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Restaurant Sat Jun 09 2007
Adding a bit of culinary class to the underbelly of the Western Blue Line Stop, Vella Café has recently opened as great brunch spot in a somewhat sparse area of the Chicago weekend-daylight-dining scene. Not that Margie’s Candies, Arturo’s and Lazo’s don’t rock in their own gustatory right, but sometimes the morning after requires more than tacos or sundae to get things jumpstarted. Plus, Green Eye is merely steps away and their bartender will call you and all of your friends "lovelies" if you stop by for a hair of the dog before stumbling another few feet to breakfast. Everyone likes being called lovely.
Vella’s panini-centric menu and genesis from sustainable grocer Green City Market's team have been fairly well discussed at this point. So let’s talk about their gruel. Seriously.
A companion on this recent trip ordered the polenta, for the second time in as many meals at Vella. The menu lists it under "Other Yummy Things" and it comes as a colorful plate of golden slices of fried polenta with a sharp cheddar cheese and tomatillo salsa with eggs, all on the splayed slices of a well-roasted poblano pepper. In waiting for the plates to arrive, someone asked what exactly polenta was. Corn flour…corn meal? Corn something? Isn’t it just corn? Wait...is it corn?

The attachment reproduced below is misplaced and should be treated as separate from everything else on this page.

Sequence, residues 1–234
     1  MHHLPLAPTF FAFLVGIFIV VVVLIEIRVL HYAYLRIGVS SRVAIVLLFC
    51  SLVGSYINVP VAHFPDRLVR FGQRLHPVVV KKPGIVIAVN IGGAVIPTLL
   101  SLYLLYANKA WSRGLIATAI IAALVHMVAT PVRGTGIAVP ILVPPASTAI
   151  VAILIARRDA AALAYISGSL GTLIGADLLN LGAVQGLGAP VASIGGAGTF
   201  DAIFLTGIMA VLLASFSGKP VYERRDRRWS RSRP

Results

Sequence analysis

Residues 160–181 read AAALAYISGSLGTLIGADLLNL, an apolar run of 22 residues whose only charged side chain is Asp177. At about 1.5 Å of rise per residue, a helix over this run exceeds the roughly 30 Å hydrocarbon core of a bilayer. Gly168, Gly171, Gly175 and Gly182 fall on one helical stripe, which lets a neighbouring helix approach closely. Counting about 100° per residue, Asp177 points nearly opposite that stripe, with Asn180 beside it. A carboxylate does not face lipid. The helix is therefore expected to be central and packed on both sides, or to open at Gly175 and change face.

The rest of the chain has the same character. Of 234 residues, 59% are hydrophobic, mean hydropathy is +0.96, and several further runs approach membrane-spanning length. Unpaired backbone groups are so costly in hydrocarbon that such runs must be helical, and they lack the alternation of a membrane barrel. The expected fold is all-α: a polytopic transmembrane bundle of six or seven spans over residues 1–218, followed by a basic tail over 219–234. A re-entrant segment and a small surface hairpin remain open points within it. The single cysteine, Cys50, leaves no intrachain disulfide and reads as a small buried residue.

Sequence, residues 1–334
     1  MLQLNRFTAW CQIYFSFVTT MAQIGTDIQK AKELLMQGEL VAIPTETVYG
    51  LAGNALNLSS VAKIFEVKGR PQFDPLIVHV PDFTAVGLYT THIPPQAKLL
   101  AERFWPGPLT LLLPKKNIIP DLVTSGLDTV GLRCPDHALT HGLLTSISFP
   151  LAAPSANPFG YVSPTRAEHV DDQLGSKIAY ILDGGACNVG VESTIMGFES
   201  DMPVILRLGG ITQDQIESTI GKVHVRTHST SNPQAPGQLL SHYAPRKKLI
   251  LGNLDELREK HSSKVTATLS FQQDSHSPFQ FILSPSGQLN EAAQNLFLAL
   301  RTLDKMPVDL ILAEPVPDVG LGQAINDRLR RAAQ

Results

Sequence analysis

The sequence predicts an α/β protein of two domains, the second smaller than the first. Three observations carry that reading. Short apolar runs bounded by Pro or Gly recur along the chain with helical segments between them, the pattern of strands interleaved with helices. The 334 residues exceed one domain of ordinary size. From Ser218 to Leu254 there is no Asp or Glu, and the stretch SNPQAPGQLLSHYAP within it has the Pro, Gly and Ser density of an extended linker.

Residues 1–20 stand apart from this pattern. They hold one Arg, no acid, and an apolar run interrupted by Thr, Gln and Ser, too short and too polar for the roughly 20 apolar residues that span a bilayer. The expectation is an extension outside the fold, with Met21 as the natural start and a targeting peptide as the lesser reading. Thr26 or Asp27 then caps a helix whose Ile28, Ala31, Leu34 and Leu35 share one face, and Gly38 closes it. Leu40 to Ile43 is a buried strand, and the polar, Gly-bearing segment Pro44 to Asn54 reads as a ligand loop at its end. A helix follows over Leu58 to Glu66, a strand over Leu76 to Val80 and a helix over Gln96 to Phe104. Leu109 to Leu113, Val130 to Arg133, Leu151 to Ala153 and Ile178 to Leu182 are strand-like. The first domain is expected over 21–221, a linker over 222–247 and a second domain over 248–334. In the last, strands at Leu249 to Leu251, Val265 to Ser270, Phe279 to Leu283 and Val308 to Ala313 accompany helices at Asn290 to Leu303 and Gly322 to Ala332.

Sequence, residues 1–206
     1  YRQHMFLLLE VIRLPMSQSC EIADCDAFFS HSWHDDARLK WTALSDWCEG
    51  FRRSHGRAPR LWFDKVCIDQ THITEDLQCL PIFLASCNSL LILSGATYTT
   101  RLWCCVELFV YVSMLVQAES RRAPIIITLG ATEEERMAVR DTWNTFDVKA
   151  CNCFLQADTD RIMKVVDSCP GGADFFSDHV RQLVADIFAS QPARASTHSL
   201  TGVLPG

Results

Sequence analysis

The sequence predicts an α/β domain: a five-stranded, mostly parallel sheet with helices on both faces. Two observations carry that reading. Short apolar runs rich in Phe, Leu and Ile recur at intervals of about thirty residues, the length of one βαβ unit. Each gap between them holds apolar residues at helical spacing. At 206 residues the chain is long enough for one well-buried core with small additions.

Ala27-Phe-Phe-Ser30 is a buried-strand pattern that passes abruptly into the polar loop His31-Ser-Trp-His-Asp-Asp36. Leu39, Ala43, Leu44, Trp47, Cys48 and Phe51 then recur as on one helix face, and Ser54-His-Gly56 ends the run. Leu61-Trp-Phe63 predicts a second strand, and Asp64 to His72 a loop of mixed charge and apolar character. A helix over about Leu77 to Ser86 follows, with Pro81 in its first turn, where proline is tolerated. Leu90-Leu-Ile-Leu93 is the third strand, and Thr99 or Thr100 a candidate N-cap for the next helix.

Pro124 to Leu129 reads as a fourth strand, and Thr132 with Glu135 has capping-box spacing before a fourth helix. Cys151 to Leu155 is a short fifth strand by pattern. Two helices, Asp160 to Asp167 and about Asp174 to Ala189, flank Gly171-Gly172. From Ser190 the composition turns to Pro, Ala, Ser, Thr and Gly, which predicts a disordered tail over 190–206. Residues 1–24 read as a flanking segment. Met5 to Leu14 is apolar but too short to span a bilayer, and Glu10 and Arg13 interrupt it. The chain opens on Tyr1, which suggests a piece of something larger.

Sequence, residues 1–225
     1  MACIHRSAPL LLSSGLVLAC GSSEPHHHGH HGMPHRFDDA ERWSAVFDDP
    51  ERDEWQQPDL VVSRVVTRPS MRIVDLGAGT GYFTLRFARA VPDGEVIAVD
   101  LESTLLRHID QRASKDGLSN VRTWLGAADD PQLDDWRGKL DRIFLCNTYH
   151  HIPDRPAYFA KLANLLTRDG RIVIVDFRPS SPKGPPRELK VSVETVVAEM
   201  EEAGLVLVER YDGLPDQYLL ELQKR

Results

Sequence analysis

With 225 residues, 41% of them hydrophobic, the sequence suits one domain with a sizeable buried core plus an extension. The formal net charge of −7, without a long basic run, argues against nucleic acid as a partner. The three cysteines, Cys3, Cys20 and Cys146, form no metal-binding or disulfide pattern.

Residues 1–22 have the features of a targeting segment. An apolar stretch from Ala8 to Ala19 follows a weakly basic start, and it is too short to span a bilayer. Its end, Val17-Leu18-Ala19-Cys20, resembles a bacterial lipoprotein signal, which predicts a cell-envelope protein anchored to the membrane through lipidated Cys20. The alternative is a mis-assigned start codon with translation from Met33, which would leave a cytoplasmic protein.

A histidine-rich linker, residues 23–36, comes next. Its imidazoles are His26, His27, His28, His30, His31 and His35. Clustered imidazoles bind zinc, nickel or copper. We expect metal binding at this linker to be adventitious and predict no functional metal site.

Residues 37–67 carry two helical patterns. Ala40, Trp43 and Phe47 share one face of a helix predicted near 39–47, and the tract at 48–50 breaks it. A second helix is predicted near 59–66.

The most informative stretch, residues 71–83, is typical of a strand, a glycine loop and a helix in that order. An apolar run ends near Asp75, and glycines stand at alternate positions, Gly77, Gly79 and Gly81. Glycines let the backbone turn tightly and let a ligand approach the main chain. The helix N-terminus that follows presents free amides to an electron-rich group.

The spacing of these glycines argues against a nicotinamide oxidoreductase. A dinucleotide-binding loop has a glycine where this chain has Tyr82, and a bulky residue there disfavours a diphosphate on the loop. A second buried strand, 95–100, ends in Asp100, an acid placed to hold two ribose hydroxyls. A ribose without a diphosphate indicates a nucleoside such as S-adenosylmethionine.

Turns out polenta is indeed one of the most basic of corn-derived staples – cornmeal mush, a porridge made from corn meal, water and maybe a little salt in its most basic form. Italian of origin, it was being enjoyed in ancient Rome as a millet mush (according to the Gourmet cookbook), and then evolved to its more common corn incarnation with the domination of corn on the fertile plains of the New World starting in the mid-1700s. It is a direct descendent of what centuries of eaters have known as gruel. As in, Dickensian orphans, “Please sir, I want some more,” Ebeneezer Scrooge hatefully mumbling into his gruel fireside on Christmas Eve, etc. Apparently Oliver Twist had the right idea, though. Polenta is merely a variation of the same substance of gruel, cooked longer, given a better name, and often dressed up with the addition of cheese, mushrooms or other morsels. The Bleeding Heart Bakery even offers an orange polenta cookie.
So if you’re out and about under the Blue Line and have a hankering for gruel (as one does) Vella promises to deliver the real thing. In a good way.